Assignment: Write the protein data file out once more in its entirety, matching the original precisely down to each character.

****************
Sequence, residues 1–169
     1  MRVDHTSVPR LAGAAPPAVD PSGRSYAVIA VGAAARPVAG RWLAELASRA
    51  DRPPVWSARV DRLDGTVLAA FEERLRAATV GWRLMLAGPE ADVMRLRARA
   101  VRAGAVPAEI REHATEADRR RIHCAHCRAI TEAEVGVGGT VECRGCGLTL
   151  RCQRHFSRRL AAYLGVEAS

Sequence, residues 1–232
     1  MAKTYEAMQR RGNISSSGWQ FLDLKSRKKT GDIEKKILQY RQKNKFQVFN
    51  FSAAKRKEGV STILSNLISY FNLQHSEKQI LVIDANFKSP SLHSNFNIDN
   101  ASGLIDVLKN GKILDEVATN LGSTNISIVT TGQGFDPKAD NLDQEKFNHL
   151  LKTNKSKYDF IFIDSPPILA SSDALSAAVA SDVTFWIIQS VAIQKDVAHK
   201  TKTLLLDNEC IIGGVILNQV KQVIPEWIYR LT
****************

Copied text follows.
Sequence, residues 1–169
     1  MRVDHTSVPR LAGAAPPAVD PSGRSYAVIA VGAAARPVAG RWLAELASRA
    51  DRPPVWSARV DRLDGTVLAA FEERLRAATV GWRLMLAGPE ADVMRLRARA
   101  VRAGAVPAEI REHATEADRR RIHCAHCRAI TEAEVGVGGT VECRGCGLTL
   151  RCQRHFSRRL AAYLGVEAS

Sequence, residues 1–232
     1  MAKTYEAMQR RGNISSSGWQ FLDLKSRKKT GDIEKKILQY RQKNKFQVFN
    51  FSAAKRKEGV STILSNLISY FNLQHSEKQI LVIDANFKSP SLHSNFNIDN
   101  ASGLIDVLKN GKILDEVATN LGSTNISIVT TGQGFDPKAD NLDQEKFNHL
   151  LKTNKSKYDF IFIDSPPILA SSDALSAAVA SDVTFWIIQS VAIQKDVAHK
   201  TKTLLLDNEC IIGGVILNQV KQVIPEWIYR LT